After decades on the brink of extinction, cod, a species of fish that was once the lifeblood of Newfoundland and Labrador’s economy, is finally making a comeback.

Researchers at the Department of Fisheries and Oceans (DFO) released new findings on Wednesday that suggest cod is steadily making its way out of the “critical” category of Canada’s endangered species list.

Cod research scientist John Brattey said the department is reporting “levels that we haven’t seen since the late 1980s, early 90s.”

Newfoundland and Labrador’s cod fisheries were the main contributor to its economy for nearly 500 years before cod populations dwindled down to near extinction. In 1992, the Canadian government shut down the industry from fear that the fish would disappear completely.

The moratorium caused the worst industrial layoff in Canadian history, with more than 30,000 people losing their jobs and livelihoods.

Experts are currently reporting about 600,000 tonnes of cod biomass on the shores of Newfoundland. That’s only about a third of what it would take for cod to no longer be considered critically endangered.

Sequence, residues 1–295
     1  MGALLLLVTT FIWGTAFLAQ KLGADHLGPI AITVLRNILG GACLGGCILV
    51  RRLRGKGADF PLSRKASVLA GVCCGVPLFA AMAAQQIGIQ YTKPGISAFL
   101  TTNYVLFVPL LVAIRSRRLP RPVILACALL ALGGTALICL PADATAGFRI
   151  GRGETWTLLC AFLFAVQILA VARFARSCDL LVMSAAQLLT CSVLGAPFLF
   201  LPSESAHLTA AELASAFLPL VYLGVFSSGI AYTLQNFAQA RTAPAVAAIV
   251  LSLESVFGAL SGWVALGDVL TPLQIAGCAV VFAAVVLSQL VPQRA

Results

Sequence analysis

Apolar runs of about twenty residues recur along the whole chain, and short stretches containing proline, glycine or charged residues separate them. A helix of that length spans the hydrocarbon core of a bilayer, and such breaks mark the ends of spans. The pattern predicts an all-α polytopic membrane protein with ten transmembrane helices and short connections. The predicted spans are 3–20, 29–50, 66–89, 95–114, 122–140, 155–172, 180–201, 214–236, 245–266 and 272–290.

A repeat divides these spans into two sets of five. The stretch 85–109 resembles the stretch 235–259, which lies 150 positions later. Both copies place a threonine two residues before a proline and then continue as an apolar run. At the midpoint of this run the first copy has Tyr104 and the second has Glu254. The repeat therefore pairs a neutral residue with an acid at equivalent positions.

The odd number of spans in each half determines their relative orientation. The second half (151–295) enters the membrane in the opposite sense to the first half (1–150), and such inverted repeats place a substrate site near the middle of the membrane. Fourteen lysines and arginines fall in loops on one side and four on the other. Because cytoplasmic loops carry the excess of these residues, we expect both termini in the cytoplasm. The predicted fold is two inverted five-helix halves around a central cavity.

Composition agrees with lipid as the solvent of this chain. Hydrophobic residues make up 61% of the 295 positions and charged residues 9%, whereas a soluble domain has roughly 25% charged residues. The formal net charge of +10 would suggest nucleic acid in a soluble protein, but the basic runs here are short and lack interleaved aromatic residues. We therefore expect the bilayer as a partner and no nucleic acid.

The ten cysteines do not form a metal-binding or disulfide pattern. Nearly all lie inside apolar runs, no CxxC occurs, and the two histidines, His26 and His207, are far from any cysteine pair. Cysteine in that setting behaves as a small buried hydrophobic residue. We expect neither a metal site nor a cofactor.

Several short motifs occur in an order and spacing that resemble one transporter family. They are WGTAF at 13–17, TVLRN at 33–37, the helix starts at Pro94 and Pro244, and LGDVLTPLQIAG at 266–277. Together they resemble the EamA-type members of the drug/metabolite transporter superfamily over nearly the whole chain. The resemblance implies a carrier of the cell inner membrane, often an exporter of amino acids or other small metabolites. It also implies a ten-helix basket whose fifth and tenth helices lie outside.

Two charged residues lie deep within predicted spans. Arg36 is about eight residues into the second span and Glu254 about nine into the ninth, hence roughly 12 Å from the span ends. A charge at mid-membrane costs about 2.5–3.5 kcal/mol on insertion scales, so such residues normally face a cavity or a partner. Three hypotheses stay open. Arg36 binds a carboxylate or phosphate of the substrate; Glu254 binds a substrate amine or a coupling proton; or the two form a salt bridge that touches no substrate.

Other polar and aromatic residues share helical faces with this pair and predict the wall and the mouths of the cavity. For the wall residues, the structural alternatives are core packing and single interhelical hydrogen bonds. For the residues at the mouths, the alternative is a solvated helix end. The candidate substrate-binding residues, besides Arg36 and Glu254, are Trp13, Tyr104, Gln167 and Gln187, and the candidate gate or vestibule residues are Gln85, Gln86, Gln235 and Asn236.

The promising news, however, is that Wednesday’s figures are double what they were in 2013, the last time the DFO conducted calculated the cod biomass in the region.

If cod populations continue to grow, Brattey said commercial cod fishing could make a comeback.

“Most of that improvement has taken place in about the last five years, so it’s going up quickly,” he told NTV on Thursday. “It’s really doubled in the last three or four years.”

The department assesses cod levels in the Atlantic region every three years.

Brattey said the findings are based on the number of tagged cod fish that return to the region and data provided by fisheries across the province.

With a report from NTV's Leila Beaudoin